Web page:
Release date: 5th June 2014

Director: Josh Boone

Cast: Shailene Woodley, Ansel Elgort, Laura Dern, Sam Trammell, Willem Dafoe

Classification: M (Mature Themes and Coarse Language)

Review by Peter Gray

In any romance tale, regardless if it’s playing to comedy, something saccharine or downright tragic, the success of the story comes down to the chemistry of its leads, and if there’s one area ‘The Fault In Our Stars’ finds its feet, it’s here. Based on the best-selling novel from John Green, this teen aimed romance is quite the tearjerker, and unapologetically so, but its tale of two terminally ill cancer patients finding love with one another after meeting at a support group is made all the more uplifting thanks to its star-crossed lovers Ansel Elgort and, especially, Shailene Woodley.

Simply put Woodley is just so likeable, and it’s that relatable quality she radiates that makes her performance all the more affecting. Her character, Hazel Grace Lancaster, spends the entire movie hooked up to an oxygen tank due to the cancer distressing her breathing, and though she easily could play the role to evoke pity from the audience, she portrays Hazel without an ounce of despair. Carting the oxygen tank around with her at all times certainly adds a degree of fragility to the role as it appears she could slip away at any given moment, and her character reminds us throughout how she’s ready for the inevitable, but despite the movie itself having an air of predictability about it, Woodley and Elgort make it all the more intoxicating.

After suffering through the horrendous ‘Carrie’ remake last year, and turning in a small support role earlier this year in ‘Divergent’ (oddly enough playing Woodley’s characters brother), Elgort finally gets something meaty to sink his teeth into with his role as Gus, an ex-basketballer and amputee whose outlook on life is deliriously positive. The young star has charm to spare, and he manages to make his character’s rather hipster-like traits seem particularly tolerable; Gus likes to walk around with an unlit cigarette in his mouth as he explains that if he doesn’t light it, it doesn’t have the ability to kill him. It’s easy to reject his performance too as he is perhaps a bit too cocky for his own good but he acknowledges this himself in the film so overall it’s hard not to be impressed.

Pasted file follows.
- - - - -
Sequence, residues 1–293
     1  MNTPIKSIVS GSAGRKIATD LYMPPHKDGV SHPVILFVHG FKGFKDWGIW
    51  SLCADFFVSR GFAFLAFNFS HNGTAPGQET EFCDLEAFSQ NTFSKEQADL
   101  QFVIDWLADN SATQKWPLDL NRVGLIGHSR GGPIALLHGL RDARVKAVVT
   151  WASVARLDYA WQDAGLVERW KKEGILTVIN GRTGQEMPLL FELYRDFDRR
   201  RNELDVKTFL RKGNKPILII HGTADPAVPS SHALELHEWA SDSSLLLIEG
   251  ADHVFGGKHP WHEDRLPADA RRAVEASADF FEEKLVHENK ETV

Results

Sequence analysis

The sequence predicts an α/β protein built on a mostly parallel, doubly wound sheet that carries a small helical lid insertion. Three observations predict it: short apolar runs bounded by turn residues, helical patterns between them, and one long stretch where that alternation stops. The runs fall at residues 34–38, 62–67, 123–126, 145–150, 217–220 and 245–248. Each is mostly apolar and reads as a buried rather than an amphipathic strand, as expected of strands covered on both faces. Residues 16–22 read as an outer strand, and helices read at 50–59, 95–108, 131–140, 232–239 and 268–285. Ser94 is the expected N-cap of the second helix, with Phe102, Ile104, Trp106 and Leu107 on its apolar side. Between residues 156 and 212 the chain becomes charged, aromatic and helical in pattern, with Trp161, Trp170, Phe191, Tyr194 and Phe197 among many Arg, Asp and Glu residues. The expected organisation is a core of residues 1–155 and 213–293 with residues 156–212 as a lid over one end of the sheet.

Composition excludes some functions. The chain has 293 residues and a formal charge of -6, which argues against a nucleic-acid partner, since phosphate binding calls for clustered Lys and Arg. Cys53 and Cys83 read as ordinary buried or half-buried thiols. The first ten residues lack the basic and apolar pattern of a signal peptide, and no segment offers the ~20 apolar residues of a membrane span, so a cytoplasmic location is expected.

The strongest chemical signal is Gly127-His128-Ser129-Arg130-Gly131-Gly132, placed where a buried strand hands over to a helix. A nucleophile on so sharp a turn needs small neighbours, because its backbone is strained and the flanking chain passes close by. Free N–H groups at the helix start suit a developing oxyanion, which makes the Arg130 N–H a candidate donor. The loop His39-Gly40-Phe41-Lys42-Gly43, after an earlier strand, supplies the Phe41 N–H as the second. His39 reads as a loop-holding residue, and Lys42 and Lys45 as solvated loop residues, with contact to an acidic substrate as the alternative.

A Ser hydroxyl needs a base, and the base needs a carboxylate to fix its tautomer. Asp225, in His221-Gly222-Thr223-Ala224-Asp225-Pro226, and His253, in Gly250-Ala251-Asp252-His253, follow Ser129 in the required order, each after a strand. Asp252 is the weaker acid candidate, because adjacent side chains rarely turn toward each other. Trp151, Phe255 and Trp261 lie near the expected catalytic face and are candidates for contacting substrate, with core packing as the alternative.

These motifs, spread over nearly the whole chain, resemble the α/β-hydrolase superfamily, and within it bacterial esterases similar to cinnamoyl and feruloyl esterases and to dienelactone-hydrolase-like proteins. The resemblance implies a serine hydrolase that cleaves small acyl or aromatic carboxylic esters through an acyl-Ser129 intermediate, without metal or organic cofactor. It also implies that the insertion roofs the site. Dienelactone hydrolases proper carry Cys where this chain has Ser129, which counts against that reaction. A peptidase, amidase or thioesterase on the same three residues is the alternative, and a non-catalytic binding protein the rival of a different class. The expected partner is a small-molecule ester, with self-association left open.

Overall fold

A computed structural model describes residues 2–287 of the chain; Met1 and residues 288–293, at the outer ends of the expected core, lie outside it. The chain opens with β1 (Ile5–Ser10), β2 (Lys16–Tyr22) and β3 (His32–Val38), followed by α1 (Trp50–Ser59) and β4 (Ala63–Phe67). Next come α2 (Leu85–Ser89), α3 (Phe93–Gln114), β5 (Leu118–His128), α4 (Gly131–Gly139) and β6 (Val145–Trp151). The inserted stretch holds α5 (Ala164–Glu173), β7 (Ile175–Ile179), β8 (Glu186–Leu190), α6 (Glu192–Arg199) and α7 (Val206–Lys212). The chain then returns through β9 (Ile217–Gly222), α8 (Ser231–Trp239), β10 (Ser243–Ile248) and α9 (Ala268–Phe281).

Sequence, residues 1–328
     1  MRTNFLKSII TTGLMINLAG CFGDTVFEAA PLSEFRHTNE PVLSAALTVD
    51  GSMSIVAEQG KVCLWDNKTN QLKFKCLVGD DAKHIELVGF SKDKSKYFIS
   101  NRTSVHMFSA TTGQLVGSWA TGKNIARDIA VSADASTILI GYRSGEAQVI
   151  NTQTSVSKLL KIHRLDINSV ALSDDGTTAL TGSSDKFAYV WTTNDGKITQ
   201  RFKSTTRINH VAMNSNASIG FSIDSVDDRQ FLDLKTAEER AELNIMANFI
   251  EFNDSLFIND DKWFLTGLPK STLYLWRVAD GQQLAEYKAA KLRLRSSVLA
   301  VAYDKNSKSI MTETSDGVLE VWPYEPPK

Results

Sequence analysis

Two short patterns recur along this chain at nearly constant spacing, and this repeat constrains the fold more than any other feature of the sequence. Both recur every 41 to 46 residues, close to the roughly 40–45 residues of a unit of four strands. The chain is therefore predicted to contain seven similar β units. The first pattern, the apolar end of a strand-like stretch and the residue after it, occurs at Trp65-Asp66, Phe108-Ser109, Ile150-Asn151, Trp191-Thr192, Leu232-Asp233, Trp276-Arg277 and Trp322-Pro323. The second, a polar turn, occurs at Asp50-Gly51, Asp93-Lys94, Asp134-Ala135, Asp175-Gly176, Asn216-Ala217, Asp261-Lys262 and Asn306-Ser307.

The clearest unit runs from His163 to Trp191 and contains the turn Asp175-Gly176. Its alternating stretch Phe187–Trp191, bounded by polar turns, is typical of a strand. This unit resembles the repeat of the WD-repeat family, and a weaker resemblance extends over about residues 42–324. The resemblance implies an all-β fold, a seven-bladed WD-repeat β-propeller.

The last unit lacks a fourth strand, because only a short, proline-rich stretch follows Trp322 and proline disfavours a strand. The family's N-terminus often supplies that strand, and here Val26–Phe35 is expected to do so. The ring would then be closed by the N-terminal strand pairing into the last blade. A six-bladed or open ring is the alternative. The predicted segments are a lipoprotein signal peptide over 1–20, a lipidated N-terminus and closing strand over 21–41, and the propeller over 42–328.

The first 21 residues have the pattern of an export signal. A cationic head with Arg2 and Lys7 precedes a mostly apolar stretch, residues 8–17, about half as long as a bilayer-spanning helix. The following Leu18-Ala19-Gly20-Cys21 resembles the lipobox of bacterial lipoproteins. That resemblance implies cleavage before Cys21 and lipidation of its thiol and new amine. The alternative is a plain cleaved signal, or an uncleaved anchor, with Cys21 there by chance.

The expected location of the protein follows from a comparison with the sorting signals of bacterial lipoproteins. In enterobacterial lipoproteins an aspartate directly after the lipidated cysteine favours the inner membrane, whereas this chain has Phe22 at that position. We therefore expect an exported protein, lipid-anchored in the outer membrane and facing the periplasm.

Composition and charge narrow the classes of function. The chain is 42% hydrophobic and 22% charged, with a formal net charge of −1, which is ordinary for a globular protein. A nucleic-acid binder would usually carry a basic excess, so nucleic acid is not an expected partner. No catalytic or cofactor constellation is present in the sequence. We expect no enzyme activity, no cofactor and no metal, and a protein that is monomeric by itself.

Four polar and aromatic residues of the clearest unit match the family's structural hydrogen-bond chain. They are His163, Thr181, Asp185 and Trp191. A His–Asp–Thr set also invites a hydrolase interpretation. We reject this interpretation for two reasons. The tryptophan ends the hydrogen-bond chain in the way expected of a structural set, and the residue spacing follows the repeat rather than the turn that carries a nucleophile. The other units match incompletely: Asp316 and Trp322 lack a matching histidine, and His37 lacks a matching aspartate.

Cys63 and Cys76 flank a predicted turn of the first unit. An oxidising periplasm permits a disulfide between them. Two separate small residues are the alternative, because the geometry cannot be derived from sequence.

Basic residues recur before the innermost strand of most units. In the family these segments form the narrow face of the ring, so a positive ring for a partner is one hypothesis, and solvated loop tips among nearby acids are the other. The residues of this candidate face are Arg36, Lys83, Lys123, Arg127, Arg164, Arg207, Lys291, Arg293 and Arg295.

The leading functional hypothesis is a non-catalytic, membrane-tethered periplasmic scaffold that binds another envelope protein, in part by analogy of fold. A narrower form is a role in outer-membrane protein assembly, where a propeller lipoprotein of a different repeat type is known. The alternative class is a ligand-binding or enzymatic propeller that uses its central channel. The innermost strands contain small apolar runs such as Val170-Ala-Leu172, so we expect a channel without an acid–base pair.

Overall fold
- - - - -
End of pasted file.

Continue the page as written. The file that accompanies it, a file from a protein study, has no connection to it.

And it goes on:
As the two of them fight their sickness you’ll be hard pressed not to at least be wiping a small tear from your eye, and though ‘The Fault In Our Stars’ so obviously attacks the emotional sensors, it’s effect can’t be denied as there’s very little in ways to make the story anything other than responsive. With a young adult mentality director Josh Boone has smartly kept the material above a more accessible PG rating with Hazel managing to drop a few choice curse words as well as showcasing the sexual relationship between the two of them; however tame it may be it still offers something most target audience members can relate to.

As great as Woodley and Elgort are, they are surrounded by an impressive line-up of upcoming and solidified talent with young Nat Wolfe particularly good as Isaac, a friend of Hazel and Gus’ who is coming to terms with losing his eyesight. His situation should be just as tragic but the film manages to raise joyous sequences out of his affliction which feels more true to life than presenting him as someone we pity. Laura Dern and Sam Trammell prove acceptable parents to Hazel (Dern receiving the larger role and playing the positive mother commendably) and Willem Dafoe adds a real weight to the middle section of the film devoted to a trip to Amsterdam which his cynical author has spurred on.

‘The Fault In Our Stars’ isn’t going to be a film everyone will rush out and see, and nor should they as it’s quite a tough sell and it’s not without its schmaltz, but if you can put your cynicism aside you might just enjoy yourself. As sad as it is, there’s so much heart and charm injected throughout that you’re unlikely to find a better date movie this season.

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